In fact, there were more current and former Bulldogs watching than those actually going through the day’s events. Gabe Jackson, Tyler Russell, Rishun McCaleb, Denico Autry, Deontae Skinner, Nickoe Whitley, Charles Siddoway and LaDarius Perkins were all there for MSU, as well as former defensive end Sean Ferguson, eager for a chance to be seen by scouts.
Russell and Whitley both sat out the activities, as each is recovering from injury, but they were able to talk with scouts. Russell told me he’s ahead of schedule in his rehab on his shoulder and will hold a private session with scouts in April.
Jackson and Perkins, having already been tested and performed well at the NFL Combine, chose to only do agility and positional drills today.
Skinner and Siddoway both did considerably well for themselves, with Siddoway weighing in at 301 pounds, well over his playing weight of 270 when the 2013 season started. The weight gain is, of course, a good thing for an offensive tackle.
Though, before any of the testing began, Dan Mullen met with the scouts from 24 teams and went over every MSU player in attendance, breaking down their abilities, character, history and future.
“When you get a Mississippi State player,” Mullen told them, “you get a guy who’s going to work hard and do everything he can for the team, and we’re proud of that.”
Times and numbers for each event aren’t all compiled, but several performances were noted, particularly in the weight room portion with the broad jump, vertical jump and bench press.
We missed 40-yard dash times as we taped interviews, but the one available is on Skinner, who impressed scouts with a 4.68 forty, a 9’9″ broad jump and a 31-inch vertical. He also made a superb one-handed catch on his deep pass in linebacker drills.
“I really like Deontae,” Mullen told the scouts beforehand. “He’s a great kid, great player. He is, to me, what our program is all about. He’s a program guy.”
At 275 pounds, Autry registered a 9’7″ broad jump and a 29 1/2-inch vertical, both of which were good numbers for his size as a defensive end.
Mullen spoke a bit about Autry’s journey and how highly-recruited he was coming out of junior college. While Autry admitted frustrations with his performance, Mullen said it never affected him.
“When you watch him in practice,” Mullen said, “that never slowed him down. That shows great character. Great motor, great energy.”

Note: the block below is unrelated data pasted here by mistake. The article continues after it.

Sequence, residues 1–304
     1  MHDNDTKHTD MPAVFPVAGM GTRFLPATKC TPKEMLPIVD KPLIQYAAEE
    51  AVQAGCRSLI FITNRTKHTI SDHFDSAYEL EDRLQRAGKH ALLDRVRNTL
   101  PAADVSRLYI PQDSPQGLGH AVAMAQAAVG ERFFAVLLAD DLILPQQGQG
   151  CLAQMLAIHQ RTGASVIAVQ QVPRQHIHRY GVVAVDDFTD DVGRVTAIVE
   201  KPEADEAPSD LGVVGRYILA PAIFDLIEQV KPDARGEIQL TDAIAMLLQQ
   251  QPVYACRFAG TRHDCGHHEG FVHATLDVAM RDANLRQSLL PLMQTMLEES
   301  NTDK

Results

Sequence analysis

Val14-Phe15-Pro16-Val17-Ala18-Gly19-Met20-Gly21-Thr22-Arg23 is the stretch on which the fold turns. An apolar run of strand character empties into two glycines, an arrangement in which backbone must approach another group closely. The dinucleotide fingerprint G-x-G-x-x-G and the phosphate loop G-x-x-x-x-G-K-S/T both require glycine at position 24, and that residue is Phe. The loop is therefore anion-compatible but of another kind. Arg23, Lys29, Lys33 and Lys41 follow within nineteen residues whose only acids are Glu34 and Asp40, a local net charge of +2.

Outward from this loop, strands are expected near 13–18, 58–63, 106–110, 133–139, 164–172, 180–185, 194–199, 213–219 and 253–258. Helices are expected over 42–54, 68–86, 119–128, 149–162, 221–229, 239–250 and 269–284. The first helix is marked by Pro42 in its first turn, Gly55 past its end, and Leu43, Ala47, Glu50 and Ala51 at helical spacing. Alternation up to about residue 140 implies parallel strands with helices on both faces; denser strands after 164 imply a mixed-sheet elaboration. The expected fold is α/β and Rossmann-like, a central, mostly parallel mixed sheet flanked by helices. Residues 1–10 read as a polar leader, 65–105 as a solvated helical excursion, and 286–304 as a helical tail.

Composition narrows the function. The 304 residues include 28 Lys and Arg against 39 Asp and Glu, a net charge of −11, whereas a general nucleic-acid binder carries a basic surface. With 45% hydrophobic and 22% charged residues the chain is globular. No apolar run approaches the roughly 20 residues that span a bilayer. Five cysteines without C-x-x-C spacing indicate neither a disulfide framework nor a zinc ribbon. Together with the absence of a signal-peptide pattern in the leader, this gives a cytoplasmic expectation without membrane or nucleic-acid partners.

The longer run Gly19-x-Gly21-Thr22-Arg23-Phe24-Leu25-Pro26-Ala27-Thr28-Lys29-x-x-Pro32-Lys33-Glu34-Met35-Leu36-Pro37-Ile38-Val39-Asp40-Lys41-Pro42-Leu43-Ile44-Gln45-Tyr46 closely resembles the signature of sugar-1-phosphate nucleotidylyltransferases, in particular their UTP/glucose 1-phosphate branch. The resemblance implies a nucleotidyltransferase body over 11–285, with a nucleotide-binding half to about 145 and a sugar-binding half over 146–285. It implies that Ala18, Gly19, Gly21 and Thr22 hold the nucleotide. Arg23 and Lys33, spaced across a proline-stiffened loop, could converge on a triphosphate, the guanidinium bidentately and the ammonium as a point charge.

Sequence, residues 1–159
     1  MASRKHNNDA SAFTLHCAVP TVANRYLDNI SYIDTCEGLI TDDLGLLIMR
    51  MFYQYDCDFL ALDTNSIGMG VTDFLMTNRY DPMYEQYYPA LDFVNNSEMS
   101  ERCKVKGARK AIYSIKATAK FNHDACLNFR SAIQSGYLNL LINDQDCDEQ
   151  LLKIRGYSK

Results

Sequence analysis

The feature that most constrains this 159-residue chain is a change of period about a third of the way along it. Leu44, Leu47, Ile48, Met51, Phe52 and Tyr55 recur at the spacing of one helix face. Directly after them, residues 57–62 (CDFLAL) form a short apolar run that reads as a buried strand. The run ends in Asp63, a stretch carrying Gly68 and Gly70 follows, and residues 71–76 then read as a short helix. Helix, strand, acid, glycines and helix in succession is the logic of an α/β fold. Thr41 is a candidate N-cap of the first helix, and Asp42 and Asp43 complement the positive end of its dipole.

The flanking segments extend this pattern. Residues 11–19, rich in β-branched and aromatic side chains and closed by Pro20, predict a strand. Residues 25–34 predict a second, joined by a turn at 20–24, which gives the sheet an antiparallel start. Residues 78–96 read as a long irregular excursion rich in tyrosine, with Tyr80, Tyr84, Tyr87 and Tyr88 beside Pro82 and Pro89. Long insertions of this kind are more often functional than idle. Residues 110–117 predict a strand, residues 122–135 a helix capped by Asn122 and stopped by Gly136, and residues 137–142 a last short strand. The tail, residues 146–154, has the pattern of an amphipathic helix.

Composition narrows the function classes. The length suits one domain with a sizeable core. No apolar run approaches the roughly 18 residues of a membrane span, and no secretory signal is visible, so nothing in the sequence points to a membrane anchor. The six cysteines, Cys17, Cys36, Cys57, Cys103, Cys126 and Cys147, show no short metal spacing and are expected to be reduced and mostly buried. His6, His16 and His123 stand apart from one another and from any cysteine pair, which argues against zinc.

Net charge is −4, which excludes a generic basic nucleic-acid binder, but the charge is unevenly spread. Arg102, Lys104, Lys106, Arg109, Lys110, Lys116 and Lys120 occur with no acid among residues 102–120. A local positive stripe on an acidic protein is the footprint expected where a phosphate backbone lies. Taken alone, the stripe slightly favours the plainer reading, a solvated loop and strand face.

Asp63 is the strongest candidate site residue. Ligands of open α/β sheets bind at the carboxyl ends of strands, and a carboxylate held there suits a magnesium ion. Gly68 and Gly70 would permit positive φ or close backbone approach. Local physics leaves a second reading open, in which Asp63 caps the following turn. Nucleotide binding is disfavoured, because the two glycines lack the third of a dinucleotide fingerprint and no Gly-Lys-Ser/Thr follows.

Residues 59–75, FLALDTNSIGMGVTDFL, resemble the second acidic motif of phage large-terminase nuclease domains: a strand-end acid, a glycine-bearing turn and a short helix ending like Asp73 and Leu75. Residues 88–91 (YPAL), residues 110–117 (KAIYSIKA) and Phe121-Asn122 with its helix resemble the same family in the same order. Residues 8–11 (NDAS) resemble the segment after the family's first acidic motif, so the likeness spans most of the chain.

Siddoway, the final of the current players to participate fully, seemed to impress scouts with his footwork and bulked up frame, as well as his 26 reps on the bench press and his 8’6″ broad jump.
Perkins and Jackson only went in the final drills at the end, but they are the two biggest prospects, with Jackson a potential first or second rounder.
“Gabe’s as good as they come to me,” Mullen said. “He’s special.”
For Perkins, Mullen talked about his injury history, saying it slowed the running back in his senior year. He viewed Perkins as a player just starting to reach his potential, saying he was an every-down back when healthy, was great in pass protection and was one of the best pass-catchers on the team, regardless of position.
“He can do it all,” Mullen said.
The two recovering players, Russell and Whitley, were only able to talk with coaches, but Mullen had compliments to share for each.
“Tyler’s a great kid,” he told the scouts after describing his game on the field. “You’ll be happy if you give him an opportunity on your team.”
For Whitley, Mullen went into great detail on the character and leadership of the safety who turned down ACL surgery so he wouldn’t have to let his teammates down in his senior season. The very surgery which would’ve had him ready to perform today.
“He’s graduating with his Master’s this spring, but I don’t think he likes people to know that because it ruins his street cred,” Mullen joked. “Extremely, extremely intelligent guy. He sacrificed his future for the good of the team and won two games for us almost by himself at the end of the season.”
We’ll soon have video highlights and interviews with several of the players there, including Johnthan Banks who watched from the side, which I’ll embed at the top of this post once it’s online.